TCO and how to make it better.

Understanding the actual costs of IT across an organisation is crucial for CIOs to make strategic decisions, optimise spend, and demonstrate the value of technology investments. However, the complexity of today’s hybrid IT environments makes handling total costs challenging. To gain visibility into IT costs, CIOs should ask critical questions such as the breakdown of costs between on-premises infrastructure and cloud services, software licensing and maintenance, and any hidden costs not accounted for, such as security breaches or downtime.

To get a full picture of IT spending and find ways to make things run more smoothly, CIOs should look at the total IT costs for each business unit, the difference between what was planned and what was actually spent on IT for each business unit, and whether any business units consistently go over their planned IT costs. By analysing these costs, CIOs can identify areas of overspending or underspending, reallocate resources to units that effectively manage their budget, and inform future budgeting and spending decisions.

Monitoring spending patterns closely can help identify areas of overspending and areas for improvement. This proactive approach to budgeting and spending can help organisations mitigate future financial crises and ensure long-term sustainability. Additionally, suppose business units consistently need to work on their allocated IT budget. In that case, it is essential to identify the reasons behind this underutilisation and determine if excess resources can be reallocated to other units to maximise efficiency and value.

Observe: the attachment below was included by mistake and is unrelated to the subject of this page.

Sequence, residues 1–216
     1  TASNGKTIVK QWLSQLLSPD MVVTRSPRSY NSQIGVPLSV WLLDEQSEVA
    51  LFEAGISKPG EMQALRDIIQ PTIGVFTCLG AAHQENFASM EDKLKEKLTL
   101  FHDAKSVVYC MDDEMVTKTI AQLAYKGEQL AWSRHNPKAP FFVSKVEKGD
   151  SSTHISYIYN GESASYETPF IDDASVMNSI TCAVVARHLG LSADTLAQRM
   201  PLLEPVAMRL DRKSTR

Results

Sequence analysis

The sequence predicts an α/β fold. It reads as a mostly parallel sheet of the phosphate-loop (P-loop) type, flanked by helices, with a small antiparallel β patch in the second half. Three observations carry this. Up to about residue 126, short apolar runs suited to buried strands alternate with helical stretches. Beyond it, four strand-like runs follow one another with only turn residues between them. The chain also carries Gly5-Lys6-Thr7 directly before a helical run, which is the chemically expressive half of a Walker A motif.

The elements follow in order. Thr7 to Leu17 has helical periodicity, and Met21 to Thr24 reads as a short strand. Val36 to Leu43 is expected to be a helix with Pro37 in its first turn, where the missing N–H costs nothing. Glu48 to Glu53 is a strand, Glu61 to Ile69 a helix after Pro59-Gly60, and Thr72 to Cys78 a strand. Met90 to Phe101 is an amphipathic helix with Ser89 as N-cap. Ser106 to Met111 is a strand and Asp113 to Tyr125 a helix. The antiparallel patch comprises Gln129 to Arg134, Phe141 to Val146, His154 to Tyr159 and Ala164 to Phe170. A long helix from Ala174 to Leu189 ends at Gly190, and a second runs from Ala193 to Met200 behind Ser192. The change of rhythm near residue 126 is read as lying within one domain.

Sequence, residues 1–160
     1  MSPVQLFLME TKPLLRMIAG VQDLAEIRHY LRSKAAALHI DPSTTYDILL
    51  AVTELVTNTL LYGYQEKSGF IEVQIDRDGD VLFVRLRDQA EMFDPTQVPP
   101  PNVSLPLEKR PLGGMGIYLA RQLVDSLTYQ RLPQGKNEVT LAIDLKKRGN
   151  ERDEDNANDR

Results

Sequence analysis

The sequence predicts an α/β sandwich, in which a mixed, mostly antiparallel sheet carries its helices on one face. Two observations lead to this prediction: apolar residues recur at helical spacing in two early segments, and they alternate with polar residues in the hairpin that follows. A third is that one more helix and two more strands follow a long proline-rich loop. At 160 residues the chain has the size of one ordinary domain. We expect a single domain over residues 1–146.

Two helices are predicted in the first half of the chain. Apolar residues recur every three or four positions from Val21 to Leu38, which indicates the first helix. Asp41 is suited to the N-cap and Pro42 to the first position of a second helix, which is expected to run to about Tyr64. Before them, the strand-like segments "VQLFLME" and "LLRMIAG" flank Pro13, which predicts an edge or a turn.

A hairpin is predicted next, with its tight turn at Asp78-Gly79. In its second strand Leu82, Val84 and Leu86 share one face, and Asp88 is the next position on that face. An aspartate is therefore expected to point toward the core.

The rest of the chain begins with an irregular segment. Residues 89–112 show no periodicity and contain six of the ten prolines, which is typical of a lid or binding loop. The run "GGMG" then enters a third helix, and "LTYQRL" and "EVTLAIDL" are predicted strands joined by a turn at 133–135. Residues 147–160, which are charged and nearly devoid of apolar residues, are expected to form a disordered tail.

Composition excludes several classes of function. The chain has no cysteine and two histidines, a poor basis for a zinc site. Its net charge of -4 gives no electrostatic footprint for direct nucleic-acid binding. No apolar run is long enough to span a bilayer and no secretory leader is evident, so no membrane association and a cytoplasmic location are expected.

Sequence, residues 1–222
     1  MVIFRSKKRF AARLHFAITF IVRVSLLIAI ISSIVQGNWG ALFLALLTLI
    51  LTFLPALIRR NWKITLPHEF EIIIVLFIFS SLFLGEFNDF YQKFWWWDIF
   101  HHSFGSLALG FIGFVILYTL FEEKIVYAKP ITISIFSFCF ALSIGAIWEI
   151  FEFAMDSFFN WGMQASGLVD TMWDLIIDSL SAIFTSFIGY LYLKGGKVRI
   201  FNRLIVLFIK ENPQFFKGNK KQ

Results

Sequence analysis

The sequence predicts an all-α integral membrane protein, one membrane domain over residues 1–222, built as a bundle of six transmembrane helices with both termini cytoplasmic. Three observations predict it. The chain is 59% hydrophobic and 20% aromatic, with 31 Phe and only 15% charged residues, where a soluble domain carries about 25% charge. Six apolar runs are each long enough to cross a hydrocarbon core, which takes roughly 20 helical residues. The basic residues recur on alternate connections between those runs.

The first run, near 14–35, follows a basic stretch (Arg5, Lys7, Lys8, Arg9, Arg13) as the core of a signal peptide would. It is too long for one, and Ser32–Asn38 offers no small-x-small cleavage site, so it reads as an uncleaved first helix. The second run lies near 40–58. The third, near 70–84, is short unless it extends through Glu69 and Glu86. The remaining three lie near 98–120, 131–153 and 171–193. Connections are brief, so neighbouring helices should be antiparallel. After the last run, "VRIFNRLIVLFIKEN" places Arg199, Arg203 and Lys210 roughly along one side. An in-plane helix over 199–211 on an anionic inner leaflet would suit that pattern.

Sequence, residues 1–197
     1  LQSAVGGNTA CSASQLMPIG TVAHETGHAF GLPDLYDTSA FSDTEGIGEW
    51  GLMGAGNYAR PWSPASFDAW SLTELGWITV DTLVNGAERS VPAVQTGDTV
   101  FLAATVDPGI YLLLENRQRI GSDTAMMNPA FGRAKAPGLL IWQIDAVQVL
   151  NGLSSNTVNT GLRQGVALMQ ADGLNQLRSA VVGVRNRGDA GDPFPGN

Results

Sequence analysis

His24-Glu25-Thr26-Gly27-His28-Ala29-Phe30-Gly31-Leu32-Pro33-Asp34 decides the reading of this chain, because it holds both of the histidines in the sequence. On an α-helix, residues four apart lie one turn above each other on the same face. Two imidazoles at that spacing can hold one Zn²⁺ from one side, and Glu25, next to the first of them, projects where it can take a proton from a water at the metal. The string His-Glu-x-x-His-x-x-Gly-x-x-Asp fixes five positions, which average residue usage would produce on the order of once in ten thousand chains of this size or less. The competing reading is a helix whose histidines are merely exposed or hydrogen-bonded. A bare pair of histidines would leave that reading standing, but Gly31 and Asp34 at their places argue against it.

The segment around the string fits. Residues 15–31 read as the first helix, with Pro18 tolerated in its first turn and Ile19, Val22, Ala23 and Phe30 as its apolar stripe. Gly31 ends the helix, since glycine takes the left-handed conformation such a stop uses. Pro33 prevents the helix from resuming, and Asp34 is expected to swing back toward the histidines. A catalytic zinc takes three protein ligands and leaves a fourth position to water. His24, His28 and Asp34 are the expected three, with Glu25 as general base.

Fostering a more transparent and accountable IT spending culture within each business unit can be achieved by comparing budgets to actuals, analysing drivers behind overages, ranking business units, benchmarking against each other, and calculating ratios to identify outliers and areas of misalignment.

Statistic analysis can show spending patterns that are not typical and need to be looked into further. For example, financial services businesses have higher IT costs per employee because they have to meet regulatory requirements. Understanding the business context is crucial for interpreting these findings. Strategic pricing can drive or suppress demand for services BUs consume, and implementing showback models and chargebacks for IT services can help steer business unit demand.

Identifying duplicate business capabilities across different business units can streamline operations and eliminate redundancies. Cataloguing business capabilities, systems, and data can help identify areas of overlap. A project management office (PMO) can help align investment strategies and assess plans and architectures for overlap.

Application Portfolio Management should focus on the fully burdened costs of each app or service and allocate direct costs plus shared infrastructure and overhead to understand the total cost of ownership (TCO). Analysing application costs that scale based on usage for right-sized deployments can help organisations deploy the right-sized resources and avoid unnecessary expenses. Consolidating redundant apps and migrating users to a single, consolidated platform can save costs, streamline processes, and improve efficiency.